In the first two decades of the 16th century, Petrucci produced dozens of books of printed music across both sacred and secular music genres, at the rate of a new book every few months. He was especially productive between 1501-1509. The first volume printed was the famous Harmonice Musices Odhecaton (One Hundred Songs of Harmonic Music) issued in 1501 – the first example of polyphonic music printed from moveable type. It was edited by Petrus Castellanus, a Dominican friar, and collects 96 secular songs in 3 or 4 parts – mostly French chansons by popular contemporary composers: Josquin, Heinrich Isaac, Johannes Ockeghem, Jacob Obrecht, Alexander Agricola, and others, as well as many anonymous pieces. Petrucci used an unprecedented new technique in which three impressions were made for each page: one for the staves, followed by one for words, and finally one for notes. His books were crafted with painstaking care and are among the most beautiful examples of printed music from the entire 16th century.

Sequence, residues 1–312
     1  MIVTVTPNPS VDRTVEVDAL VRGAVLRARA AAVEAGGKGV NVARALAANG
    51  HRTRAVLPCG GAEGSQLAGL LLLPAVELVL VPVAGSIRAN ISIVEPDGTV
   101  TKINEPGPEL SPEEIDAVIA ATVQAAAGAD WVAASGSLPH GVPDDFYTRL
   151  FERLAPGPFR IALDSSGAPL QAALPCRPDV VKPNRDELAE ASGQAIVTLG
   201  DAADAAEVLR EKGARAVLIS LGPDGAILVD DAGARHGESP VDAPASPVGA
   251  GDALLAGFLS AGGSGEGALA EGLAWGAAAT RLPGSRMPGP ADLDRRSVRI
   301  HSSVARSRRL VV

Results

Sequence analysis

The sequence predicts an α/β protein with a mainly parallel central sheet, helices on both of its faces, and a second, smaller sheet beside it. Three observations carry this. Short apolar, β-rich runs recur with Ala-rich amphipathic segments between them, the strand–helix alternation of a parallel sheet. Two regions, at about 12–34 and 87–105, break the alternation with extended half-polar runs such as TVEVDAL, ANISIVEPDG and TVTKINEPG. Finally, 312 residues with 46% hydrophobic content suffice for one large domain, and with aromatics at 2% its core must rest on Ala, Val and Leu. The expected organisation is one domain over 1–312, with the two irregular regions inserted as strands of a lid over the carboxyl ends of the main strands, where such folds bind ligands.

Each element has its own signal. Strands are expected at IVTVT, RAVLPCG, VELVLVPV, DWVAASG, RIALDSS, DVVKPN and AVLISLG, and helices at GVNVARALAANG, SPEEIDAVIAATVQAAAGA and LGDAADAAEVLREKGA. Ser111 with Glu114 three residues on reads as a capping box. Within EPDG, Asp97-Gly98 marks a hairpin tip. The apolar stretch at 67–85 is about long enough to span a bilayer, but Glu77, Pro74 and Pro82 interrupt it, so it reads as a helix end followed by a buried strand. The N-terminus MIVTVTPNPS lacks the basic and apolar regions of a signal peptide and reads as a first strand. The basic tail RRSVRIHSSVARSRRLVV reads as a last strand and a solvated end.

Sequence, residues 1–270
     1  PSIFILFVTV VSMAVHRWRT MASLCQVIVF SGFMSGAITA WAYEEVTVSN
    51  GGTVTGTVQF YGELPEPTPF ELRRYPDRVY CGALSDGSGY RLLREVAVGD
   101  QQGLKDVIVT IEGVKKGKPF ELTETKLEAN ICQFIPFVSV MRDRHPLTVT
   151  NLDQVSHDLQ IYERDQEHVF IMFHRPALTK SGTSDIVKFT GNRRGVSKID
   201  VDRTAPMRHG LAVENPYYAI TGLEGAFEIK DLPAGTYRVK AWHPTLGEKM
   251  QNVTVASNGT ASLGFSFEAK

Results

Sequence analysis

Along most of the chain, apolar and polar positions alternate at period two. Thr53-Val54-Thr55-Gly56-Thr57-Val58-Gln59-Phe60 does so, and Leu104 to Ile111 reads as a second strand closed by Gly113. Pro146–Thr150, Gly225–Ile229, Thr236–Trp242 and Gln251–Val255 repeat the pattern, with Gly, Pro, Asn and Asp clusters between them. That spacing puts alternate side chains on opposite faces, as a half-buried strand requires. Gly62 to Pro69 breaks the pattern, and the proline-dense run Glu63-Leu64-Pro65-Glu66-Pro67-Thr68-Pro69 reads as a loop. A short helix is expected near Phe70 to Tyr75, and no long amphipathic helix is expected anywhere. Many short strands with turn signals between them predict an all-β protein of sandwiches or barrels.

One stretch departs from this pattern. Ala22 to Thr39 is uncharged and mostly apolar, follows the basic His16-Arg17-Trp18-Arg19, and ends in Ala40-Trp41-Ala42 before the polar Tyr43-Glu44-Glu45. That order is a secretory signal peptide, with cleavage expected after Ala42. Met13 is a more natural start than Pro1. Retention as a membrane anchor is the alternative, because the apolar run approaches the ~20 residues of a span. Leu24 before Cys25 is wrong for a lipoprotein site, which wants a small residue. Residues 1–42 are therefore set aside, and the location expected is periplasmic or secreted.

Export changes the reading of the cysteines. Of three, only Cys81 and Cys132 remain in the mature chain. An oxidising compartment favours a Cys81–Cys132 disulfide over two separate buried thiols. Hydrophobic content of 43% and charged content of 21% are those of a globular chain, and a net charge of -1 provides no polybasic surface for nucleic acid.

The Harmonice Musices Odhecaton and the books that followed began a flood of printed music that revolutionized the distribution of the art form throughout Europe and beyond, and began the process by which studying, performing, and enjoying music no longer remained an exclusive privilege of the nobility, the clergy, and those they patronized, but became a treasured pastime for the middle classes.
Many of Petrucci’s publications were of sacred choral music by masters from the North, as in the Odhecaton. These books contain the first printed editions of many works that are acknowledged monuments of the renaissance choral repertoire: masses and motets by Josquin, Isaac, Obrecht, Agricola, Antoine Brumel, Johannes Ghiselin, Pierre de la Rue, Jean Mouton, and many more. Petrucci is known to have produced 61 publications, of which 5 are lost (there are no known extant copies). In addition to the sacred music that accounts for most of his output, he also published volumes of chansons, frottola, and the first four books of lute tablature ever printed in 1507 and 1508.
Petrucci’s Lute Books
Writing about the Petrucci lute prints, Douglas Alton Smith comments: